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For increased production, create a short-call list

May 25, 2022
Implementing a short-call list is an easy win for patients, staff, and the practice owner. Dr. Wilde explains why and shares how this system worked for his practice in the past.

In reality, dentists have only time to sell, so maximizing every day’s productivity—honoring the sacred now—is critical, as lost minutes can never be recouped. Generating appointments a week in advance is easy enough, but scheduling productive time within 24 hours can be difficult. Filling these too-frequent openings is crucial to achieving outstanding results. (My staff was fully aware and constantly reminded that open time on today’s schedule should be everyone’s top priority, stat! Don’t just keep busy, but directly attend to the most significant issue.) 

Calling midday is a misery all its own, as few answer. Leaving a callback message places one at the patient’s mercy; while waiting for them to return the call, you dare not contact anyone else. How can a well-managed office minimize such desperate and inefficient efforts? 

The innate unpopularity of this task restricted our outcome. (Being repeatedly told “no” threatens fragile self-esteem.) Also, every staff member had other essential daily activities to complete. To ameliorate this issue, we employed a short-call system that multiplied in size, and thus effectiveness, year after year as more people enrolled.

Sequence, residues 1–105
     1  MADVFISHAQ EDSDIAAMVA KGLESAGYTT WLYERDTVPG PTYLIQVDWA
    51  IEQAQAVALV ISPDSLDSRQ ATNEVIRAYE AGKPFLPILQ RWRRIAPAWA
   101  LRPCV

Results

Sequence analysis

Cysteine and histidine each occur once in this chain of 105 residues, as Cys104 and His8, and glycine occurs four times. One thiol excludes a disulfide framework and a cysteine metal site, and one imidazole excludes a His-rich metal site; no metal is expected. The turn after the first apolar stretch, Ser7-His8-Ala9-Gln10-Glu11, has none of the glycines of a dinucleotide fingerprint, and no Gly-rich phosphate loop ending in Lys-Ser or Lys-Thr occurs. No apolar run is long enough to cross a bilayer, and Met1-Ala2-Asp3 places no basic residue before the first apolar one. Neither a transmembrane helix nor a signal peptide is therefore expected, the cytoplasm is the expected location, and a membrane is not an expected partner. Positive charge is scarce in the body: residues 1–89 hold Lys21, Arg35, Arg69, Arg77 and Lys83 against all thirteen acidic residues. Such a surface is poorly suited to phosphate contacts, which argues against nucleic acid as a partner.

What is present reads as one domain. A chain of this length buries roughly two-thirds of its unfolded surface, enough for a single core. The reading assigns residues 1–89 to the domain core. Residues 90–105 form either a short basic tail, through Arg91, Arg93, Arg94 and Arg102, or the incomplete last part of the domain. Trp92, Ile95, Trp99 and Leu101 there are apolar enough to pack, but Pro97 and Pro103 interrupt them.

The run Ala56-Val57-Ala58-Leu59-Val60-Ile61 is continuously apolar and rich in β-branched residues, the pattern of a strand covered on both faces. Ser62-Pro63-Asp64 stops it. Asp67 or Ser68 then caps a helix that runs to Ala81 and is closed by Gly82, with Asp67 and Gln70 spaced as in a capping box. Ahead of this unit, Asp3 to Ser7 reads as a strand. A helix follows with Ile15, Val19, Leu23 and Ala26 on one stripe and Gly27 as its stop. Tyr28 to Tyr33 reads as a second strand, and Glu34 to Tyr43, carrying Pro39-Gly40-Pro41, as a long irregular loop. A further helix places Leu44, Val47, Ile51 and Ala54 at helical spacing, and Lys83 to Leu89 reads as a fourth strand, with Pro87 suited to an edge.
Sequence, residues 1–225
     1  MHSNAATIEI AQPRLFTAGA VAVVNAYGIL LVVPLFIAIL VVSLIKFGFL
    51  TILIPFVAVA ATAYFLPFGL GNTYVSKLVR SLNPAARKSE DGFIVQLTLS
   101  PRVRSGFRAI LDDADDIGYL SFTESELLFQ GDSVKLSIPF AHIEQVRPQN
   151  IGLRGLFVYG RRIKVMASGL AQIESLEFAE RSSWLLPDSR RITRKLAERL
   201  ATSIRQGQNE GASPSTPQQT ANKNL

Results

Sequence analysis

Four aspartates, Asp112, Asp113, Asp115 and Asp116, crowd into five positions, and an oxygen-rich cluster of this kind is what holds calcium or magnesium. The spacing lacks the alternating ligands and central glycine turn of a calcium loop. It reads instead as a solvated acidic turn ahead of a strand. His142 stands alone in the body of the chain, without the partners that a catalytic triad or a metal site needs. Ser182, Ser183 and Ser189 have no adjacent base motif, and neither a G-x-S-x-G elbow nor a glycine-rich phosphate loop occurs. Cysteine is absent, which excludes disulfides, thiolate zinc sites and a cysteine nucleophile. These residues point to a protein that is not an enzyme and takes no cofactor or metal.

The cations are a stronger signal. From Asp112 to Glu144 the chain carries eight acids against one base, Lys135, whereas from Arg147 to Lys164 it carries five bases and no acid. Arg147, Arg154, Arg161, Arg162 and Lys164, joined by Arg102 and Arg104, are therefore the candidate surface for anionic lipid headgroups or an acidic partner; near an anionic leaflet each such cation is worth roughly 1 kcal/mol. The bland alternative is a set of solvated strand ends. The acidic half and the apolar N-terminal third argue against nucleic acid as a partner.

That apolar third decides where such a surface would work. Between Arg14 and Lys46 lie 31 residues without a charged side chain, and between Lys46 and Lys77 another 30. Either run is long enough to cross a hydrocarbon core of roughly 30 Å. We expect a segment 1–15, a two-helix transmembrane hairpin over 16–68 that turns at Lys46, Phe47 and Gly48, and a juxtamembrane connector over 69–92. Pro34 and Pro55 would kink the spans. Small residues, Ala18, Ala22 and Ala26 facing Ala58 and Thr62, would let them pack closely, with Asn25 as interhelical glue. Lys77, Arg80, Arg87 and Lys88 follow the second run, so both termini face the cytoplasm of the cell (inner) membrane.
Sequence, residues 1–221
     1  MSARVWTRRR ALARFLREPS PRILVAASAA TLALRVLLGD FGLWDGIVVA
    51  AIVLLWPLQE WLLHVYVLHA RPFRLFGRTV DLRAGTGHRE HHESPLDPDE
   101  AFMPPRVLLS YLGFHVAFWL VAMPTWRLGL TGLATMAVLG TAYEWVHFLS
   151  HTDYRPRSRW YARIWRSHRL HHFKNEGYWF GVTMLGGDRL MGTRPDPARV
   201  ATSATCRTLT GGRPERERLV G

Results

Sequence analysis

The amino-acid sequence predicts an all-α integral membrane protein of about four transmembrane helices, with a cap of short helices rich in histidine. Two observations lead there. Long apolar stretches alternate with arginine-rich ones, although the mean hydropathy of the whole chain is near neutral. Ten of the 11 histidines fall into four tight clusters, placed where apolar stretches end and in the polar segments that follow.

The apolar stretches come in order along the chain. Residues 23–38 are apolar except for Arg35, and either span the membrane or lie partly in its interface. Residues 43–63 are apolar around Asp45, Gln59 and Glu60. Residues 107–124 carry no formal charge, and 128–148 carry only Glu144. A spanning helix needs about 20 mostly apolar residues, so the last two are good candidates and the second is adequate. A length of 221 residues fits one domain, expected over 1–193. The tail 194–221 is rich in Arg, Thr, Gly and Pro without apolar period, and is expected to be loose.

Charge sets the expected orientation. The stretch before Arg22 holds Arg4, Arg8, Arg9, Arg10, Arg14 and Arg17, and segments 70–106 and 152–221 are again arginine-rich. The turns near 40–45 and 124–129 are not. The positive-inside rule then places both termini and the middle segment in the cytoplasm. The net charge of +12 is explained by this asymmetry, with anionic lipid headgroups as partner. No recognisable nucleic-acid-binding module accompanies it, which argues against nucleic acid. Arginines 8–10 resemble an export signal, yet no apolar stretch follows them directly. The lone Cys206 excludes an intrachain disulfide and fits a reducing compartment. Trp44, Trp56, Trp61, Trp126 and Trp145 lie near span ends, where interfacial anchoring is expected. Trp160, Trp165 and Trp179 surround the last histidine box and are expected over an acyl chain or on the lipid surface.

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We actuated our short-call system when scheduling recare appointments immediately after current treatment. (No patient should ever leave an office without scheduling an appointment or being otherwise accounted for in your practice’s system. Saying, “Call when you want to come in,” sets you up for disaster.) We advised select patients that if they chose, we would not preschedule them for a set day and time, but instead call to schedule with 24 hours’ or sometimes same-day notice, and in turn they would receive 10% off every charge that appointed day. We pledged that no matter what, we would see patients the month they were due, as one can’t compromise oral health for convenience or profit. 

This offer was received enthusiastically by numerous patients excited by a bargain. The staff was thrilled by the ease and efficiency of filling time, and having a full schedule enhanced profit, which pleased me. Win, win, win!